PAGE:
Similarly, most monsters or NPCs have multiple attack options. GMs can easily adjust the encounter by choosing less optimal attacks or less optimal spells to use against the party. Then there are tactical options that can be used or not used.
Is it the opinion of the "impartial GM" advocates here that choosing a less optimal attack, spell, or tactical option is just as bad as modifying the power level of an NPC? Does that sort of GM play their NPCs and monsters as lethally as they possibly can? Including all coup de grace opportunities?
Kirth Gersen wrote:
Kirth, I have made it clear that in this case my GM prep failed. I admit it, with humility and a certain amount of damage to my pride as a GM. But there it is. I created a too powerful wizard for my players to succeed against.
Having admitted and acknowledged that, what is better for the group overall once I, as the GM, realize in game that I made a game prep mistake? Is it better for the group overall for me to say "oh well, that sucks" and TPK the group exactly by the book than it is for me to make an easy and reasonable power adjustment to tweak the encounter back to its intended purpose?
You say that the GM should be "impartial". What exactly does that mean? Are you impartial when you are doing your game prep? Or do you construct your encounters to be appropriate to the party you are hosting?
I am not impartial as a GM. I admit it. I am a player advocate as a GM. Pure and simple. I want the players to feel challenged and sometimes have a little fear of god put into them, but that's because I think that makes for a better story.
But impartial? Not even close.
Shin, PCs die in my campaigns. They also sometimes run away and hide.
If my goal was to create a challenging encounter that might push the party to their limits, I am accepting the risk that a PC could die. Maybe two, but two dead PCs better be major boss fight.
I agree that an RPG is different than a book or movie. In my mind an RPG is at its best when it feels like a collaborative story telling session where the players have the ability and opportunity to make the story their own. I work hard to give them that opportunity.
In my mind if I make a mistake and create an encounter that is clearly going to TPK the party, running that encounter to its inevitable conclusion just because "that's what I wrote down a month ago" is far more of a GM controlling the story than it is for me to adjust the encounter to it's intended threat level and allow the players to continue to add to the story.
What I find interesting is that in our group I am considered the "hard-ass" GM because I DO kill PCs on occasion. But that's because I try to provide some very challenging situations, which can sometimes walk a fine line between just powerful enough, and too powerful. All I'm trying to do is keep as close to that line as possible to create the most thrilling and exciting environment for the players.
It can be exciting and fun for the players to get through an encounter with a PC killed off. It is almost never exciting and fun for the players to suffer a total party kill. At least that's been my experience. It's part of my job to do what I can to avoid a TPK, while still making the game feel dangerous and exciting. Or that's how I see it.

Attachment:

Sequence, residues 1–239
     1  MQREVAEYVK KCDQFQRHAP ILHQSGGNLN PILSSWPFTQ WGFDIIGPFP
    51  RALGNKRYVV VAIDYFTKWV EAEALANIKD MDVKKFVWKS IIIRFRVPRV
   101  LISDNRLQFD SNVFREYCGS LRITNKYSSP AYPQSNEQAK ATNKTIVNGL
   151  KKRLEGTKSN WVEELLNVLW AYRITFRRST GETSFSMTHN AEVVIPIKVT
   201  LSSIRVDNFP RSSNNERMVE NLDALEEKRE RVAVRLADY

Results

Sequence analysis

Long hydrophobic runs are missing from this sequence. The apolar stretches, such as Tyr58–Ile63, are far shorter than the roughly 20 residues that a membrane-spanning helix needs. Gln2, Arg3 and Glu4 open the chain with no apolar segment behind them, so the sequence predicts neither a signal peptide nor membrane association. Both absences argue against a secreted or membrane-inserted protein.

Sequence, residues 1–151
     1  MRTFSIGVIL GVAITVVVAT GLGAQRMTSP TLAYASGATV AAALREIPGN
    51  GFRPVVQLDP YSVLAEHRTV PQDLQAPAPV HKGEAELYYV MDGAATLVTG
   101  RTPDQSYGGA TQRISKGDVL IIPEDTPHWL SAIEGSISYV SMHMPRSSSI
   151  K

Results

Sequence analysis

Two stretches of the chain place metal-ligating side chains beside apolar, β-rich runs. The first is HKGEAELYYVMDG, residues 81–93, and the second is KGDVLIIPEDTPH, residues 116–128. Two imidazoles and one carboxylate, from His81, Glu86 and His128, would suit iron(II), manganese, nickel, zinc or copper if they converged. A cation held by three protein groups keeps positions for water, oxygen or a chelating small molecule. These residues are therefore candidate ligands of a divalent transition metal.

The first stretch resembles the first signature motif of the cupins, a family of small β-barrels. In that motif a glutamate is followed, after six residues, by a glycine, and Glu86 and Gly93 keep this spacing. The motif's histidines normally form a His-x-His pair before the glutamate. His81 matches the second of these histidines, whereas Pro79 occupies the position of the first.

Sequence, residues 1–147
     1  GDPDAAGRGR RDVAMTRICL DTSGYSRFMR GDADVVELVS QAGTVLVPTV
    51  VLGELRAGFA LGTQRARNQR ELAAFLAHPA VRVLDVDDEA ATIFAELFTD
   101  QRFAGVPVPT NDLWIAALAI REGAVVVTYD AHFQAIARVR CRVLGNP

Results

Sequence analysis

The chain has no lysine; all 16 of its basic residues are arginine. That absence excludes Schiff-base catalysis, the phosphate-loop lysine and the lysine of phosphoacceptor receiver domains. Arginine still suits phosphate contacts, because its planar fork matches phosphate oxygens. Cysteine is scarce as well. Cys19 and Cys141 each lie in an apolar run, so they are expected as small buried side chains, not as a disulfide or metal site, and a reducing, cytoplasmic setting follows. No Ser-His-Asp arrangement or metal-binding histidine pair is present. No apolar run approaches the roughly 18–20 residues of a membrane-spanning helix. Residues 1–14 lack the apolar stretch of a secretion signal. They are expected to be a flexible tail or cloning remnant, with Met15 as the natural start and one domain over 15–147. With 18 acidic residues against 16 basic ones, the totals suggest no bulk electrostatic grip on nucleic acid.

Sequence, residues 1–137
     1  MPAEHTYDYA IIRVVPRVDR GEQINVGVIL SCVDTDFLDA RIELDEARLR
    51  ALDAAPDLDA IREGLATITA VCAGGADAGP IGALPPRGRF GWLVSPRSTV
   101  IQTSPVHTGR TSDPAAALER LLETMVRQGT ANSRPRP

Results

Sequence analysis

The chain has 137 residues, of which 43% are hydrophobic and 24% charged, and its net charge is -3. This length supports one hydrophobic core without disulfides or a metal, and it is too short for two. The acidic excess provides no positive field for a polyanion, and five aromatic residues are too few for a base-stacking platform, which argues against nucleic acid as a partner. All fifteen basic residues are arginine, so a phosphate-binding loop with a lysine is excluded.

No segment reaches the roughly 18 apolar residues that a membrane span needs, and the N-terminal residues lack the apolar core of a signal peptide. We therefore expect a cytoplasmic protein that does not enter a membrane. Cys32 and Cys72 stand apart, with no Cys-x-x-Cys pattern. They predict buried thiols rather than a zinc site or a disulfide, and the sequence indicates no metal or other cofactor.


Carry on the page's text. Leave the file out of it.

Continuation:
Kirth, why do you feel it is important for the GM to be held to the same standards as the players when it comes to running an encounter? Is it because you feel that if the GM adjusts something on the fly, but the characters can't that is somehow an unfair advantage that the GM is taking advantage of?
If I viewed my role as GM to be creating "fair fights" and running them "by the book" so that they could be audited after the fact for accuracy and appropriateness, I might agree with your approach.
But I don't view my GM role that way. My role as the GM is not to "fight fair" but to create an environment for the PCs to shine and give the players a few hours of fun by immersing them in an imaginary environment where they can be what they can't be in real life. As has been said up-thread, to me it is the story that is important, not the mechanics.
I'm really not interested in proving how well I followed the game rules to run an encounter. The rules are there to provide a framework for the story, and that's how I treat them.
Keep in mind that making adjustments as I have described in this thread is a rare thing for me. The wizard encounter is the first time I had to make that sort of adjustment in months. All of the other encounters in the caverns went as I expected them to, and needed no adjustment. So we are talking about edge cases here, not every encounter. Or at least in my case that is.
I acknowledge that I am not perfect and make mistakes. Fixing mistakes on the fly is, I think, an important skill for a GM to have. For me to TPK a party because of a mistake I made and then claim "my hands were tied dudes, look, here's the wizard's specs, it's not my fault you couldn't beat him" seems to me to be the antithesis of good story telling.
I'm not in competition with the players. I am providing a stage for them to shine.
Here is perhaps a relevant example from the game I am currently running.